My father is the sun. I sleep on his arm, wedged between him and my mother, and I don't even need the thick comforter that envelops us in its embrace with false whispers of safety. His pulse lulls me, lovingly sure and strong, the sound of sunbeams concentrated in his veins.
In fourth grade I learn how stars have a life cycle, a beginning and an end, like people, and my teacher's face twitches with a smile as she reassures us that it will be billions of years before our sun burns its way into oblivion. Not in our lifetime, she says, and instructs us to turn the page, because there's nothing to worry about. But her words get me thinking, my memory tugging and inching, spreading its wings.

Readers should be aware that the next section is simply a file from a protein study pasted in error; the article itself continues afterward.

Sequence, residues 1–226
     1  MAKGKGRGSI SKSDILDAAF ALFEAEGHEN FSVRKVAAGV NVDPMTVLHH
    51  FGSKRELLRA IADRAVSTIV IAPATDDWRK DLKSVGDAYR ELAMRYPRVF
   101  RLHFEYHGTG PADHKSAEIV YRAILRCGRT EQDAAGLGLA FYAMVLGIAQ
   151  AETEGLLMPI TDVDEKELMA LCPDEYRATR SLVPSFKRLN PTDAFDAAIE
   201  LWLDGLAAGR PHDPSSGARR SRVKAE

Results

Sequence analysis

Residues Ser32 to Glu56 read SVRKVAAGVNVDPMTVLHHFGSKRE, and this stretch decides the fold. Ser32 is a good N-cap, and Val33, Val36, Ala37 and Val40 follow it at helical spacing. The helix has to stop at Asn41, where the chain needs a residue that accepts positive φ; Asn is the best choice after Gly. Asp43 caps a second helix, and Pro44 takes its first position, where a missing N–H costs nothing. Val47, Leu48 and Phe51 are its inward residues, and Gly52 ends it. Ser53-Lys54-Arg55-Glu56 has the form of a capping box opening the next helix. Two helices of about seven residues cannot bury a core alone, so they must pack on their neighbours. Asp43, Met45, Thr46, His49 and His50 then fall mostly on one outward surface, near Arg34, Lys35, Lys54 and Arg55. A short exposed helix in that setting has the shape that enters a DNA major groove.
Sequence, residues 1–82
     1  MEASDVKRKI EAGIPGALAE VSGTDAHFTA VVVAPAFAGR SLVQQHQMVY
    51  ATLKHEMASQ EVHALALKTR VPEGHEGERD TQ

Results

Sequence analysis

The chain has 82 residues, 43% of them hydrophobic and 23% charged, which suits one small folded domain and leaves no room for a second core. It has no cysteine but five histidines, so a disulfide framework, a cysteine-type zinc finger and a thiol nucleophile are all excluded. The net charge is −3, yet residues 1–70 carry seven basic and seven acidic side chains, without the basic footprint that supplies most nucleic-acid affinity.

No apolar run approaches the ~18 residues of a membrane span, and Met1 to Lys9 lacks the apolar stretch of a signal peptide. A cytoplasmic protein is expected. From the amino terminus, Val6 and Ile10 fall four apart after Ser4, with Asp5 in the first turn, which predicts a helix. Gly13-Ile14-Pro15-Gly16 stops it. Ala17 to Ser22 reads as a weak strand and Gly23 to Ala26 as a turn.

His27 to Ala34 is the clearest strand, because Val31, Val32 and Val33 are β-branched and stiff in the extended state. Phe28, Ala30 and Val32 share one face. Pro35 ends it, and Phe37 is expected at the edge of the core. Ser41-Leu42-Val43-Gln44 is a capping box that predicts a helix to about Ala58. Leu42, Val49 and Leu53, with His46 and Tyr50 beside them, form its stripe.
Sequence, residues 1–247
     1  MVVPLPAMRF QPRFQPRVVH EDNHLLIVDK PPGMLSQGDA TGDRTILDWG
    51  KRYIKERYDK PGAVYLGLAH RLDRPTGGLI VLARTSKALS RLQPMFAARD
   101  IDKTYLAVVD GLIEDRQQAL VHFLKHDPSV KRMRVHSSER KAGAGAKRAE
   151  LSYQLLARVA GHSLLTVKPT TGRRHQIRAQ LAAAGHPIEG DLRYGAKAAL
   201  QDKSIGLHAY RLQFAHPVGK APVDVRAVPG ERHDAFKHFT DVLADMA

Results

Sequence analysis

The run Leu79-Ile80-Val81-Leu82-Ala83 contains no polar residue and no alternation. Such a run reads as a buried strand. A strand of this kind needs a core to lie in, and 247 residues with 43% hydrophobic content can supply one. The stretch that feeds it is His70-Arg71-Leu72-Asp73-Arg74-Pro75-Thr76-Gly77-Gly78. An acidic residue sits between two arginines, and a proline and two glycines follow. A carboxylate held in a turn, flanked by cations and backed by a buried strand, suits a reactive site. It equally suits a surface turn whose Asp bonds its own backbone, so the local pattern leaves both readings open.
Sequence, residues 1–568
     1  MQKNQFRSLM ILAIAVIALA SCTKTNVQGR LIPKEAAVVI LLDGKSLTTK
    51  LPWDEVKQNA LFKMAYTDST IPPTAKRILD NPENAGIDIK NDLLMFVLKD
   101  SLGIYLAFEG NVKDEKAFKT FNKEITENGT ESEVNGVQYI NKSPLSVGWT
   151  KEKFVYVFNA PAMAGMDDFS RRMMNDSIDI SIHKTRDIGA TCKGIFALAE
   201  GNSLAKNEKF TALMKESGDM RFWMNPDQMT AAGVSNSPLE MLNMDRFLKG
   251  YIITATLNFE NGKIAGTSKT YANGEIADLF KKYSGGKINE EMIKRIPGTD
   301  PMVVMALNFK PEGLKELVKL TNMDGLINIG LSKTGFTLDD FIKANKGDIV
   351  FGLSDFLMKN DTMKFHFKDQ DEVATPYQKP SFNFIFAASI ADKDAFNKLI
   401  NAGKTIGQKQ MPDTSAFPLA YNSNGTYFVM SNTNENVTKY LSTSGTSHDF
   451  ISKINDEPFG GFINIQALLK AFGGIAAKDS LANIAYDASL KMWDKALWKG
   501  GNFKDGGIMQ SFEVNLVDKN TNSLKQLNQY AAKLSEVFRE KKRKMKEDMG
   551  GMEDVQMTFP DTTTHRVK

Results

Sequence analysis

Parents aren't supposed to outlive their kids, he says. It's not right.
What if I die before you, then?
Not in my lifetime, he says, with conviction in his voice and hope on his breath.
I know that he is a person, a mortal, flawed human being. I know he is not the sun. But when I look up into the brigh